Being in front of a camera isn’t in Rotonya Carr’s comfort zone.
“I’m just not used to seeing myself on video,” said the hepatologist from the Hospital of the University of Pennsylvania. “I much prefer to be in the background of things and making my contributions in that space.”
The doctor weathered the discomfort, though, to participate in a Philadelphia Department of Public Health messaging campaign designed to boost the city’s vaccination rates, particularly among its Black and Hispanic residents. For too long, she said, government at every level had not coordinated outreach about vaccinations from messengers who look like the people in communities of color.
“It seems like an obvious starting point that unfortunately we didn’t have at the beginning of the pandemic or at the beginning of the vaccine rollout,” Carr said. “It is disappointing, another example of how the messaging hasn’t been complete enough in my view.”
The results, she and other health experts have said, are communities that have been too vulnerable to misinformation, and have not seen a robust effort to address their concerns about COVID-19 vaccinations.
“If you don’t see someone who looks like you or even comes from your community, you may ask, do they understand my perspective,” said Priscilla Mpasi, a pediatrician at Children’s Hospital of Philadelphia and one of the six doctors of color who participated in the city’s ad campaign. “The more you see a trusted messenger, the more you’re going to trust that message.”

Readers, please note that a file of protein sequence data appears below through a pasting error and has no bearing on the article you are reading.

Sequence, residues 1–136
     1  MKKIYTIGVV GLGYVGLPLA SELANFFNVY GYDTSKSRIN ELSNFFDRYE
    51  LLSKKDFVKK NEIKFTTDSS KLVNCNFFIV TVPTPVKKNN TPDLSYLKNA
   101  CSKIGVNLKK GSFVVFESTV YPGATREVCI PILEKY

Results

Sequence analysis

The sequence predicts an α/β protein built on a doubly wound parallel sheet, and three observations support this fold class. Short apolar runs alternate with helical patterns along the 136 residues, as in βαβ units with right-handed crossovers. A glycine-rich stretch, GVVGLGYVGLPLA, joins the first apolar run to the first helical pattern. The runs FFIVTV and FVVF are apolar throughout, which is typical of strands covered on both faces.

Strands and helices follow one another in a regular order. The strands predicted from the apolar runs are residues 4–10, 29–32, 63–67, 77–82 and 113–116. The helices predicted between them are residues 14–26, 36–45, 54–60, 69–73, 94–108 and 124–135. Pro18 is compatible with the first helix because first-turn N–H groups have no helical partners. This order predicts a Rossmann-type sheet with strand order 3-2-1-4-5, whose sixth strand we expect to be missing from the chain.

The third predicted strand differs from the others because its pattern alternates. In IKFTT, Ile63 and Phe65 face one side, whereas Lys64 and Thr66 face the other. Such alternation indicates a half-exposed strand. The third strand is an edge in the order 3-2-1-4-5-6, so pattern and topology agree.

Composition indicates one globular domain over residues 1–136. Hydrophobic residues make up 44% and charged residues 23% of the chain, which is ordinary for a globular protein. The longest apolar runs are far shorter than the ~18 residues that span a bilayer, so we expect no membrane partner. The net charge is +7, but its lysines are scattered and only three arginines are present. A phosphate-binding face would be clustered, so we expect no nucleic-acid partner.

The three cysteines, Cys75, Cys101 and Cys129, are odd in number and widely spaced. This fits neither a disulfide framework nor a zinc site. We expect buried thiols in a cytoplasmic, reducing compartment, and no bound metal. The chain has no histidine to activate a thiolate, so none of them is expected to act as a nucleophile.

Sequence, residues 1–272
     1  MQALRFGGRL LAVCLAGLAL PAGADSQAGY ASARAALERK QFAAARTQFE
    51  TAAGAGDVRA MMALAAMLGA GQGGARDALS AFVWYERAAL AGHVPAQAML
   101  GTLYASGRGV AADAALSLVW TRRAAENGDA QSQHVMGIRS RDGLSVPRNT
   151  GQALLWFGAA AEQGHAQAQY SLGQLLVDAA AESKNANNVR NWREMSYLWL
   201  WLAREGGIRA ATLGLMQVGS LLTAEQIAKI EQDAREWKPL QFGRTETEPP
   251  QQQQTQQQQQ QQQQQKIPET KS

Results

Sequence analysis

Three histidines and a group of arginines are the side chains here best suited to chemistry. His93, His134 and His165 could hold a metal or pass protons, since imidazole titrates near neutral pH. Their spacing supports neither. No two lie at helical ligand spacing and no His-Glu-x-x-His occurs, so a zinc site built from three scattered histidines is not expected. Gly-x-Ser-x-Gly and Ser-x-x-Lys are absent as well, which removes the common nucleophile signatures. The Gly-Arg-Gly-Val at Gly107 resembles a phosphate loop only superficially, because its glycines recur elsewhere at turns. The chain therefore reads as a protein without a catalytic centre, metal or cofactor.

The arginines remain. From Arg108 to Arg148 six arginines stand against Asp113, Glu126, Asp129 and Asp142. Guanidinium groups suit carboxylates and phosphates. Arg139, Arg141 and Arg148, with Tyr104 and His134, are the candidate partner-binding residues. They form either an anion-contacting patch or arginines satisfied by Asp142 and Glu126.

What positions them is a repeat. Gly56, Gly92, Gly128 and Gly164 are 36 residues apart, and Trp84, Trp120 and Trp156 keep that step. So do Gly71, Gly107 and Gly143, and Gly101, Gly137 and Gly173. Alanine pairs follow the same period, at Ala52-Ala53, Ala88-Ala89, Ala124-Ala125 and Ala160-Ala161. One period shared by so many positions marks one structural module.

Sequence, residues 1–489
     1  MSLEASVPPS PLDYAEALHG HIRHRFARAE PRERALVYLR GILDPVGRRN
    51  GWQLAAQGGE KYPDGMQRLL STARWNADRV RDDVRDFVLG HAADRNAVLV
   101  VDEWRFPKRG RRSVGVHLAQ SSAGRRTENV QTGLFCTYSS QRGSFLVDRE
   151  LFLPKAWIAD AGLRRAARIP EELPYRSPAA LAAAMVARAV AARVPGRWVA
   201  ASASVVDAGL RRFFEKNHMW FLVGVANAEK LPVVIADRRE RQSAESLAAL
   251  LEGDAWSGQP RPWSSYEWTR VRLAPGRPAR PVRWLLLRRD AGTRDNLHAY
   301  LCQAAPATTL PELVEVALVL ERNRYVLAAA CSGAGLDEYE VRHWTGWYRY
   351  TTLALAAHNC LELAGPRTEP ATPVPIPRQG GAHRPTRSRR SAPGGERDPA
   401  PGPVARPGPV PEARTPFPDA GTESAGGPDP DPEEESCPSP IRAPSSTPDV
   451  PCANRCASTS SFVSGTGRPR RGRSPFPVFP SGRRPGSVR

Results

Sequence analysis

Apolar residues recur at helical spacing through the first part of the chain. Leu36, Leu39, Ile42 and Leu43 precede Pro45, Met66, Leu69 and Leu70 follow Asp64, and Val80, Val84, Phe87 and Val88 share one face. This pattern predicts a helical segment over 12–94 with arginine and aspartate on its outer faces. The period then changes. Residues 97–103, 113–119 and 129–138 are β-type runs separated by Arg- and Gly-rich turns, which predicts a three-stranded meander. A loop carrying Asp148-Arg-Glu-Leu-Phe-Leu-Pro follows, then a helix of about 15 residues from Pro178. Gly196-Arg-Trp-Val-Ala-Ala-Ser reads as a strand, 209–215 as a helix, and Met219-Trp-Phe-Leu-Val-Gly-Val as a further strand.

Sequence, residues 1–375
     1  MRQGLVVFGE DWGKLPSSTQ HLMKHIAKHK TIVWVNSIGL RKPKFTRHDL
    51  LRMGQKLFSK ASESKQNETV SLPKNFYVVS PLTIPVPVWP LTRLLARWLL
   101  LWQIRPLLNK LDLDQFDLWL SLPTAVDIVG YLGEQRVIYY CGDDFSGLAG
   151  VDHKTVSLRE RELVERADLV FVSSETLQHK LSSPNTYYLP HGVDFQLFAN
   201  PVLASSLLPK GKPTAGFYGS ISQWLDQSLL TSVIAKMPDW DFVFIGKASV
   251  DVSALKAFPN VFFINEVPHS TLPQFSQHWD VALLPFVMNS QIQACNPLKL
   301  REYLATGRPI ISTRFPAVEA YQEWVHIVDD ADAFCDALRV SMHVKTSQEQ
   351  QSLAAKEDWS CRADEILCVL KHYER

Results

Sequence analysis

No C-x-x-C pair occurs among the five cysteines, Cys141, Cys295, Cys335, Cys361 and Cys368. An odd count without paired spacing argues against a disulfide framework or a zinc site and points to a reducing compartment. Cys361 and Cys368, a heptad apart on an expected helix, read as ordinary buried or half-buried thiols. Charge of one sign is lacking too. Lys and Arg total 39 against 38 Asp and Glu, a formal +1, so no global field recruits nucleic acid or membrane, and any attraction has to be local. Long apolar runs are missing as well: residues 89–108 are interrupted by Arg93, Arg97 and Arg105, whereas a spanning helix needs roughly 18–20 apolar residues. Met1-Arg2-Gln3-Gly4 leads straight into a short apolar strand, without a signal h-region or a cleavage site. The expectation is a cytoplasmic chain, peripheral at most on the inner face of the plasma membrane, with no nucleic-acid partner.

The city-sponsored PSAs are now being shown on Comcast cable and four local stations chosen because of their viewer demographics, 6 ABC, Fox 29, CW Philly 57, and PHL17. They will run through August, said health department spokesperson James Garrow, and are also on YouTube. The five 30-second PSAs, with a sixth in production, include focuses on the still significant dangers of COVID-19 infection, the vaccines’ safety, and show that people of color played a role in their development. The prime targets are younger Black and Hispanic Philadelphians.
The city paid for the spots through its $1.5 million-budgeted VaxUpPhilly ad campaign.
Black and Latino residents have consistently lagged behind the city’s overall vaccination rates, according to health department data, and that disparity is particularly pronounced among people aged 20 to 44. About 27% of the Black population in that age group and 46% of Hispanics have been vaccinated, according to city data, compared with 52% of white and 74% of Asian Philadelphians. While 70% of Philadelphians overall have received at least one vaccine shot, in some zip codes only about a third of residents have received a shot.
Nearly two-thirds of all Black or Hispanic Philadelphians have yet to receive a vaccine dose.
Nationally, the country will not meet President Joe Biden’s goal of getting at least one shot to 70% of the population by July 4.
Addressing such disparities is necessary to prevent continued COVID-19 outbreaks, said Rupali Limaye, a social and behavioral scientist and expert in health communication in the Johns Hopkins Bloomberg School of Public Health’s international health department.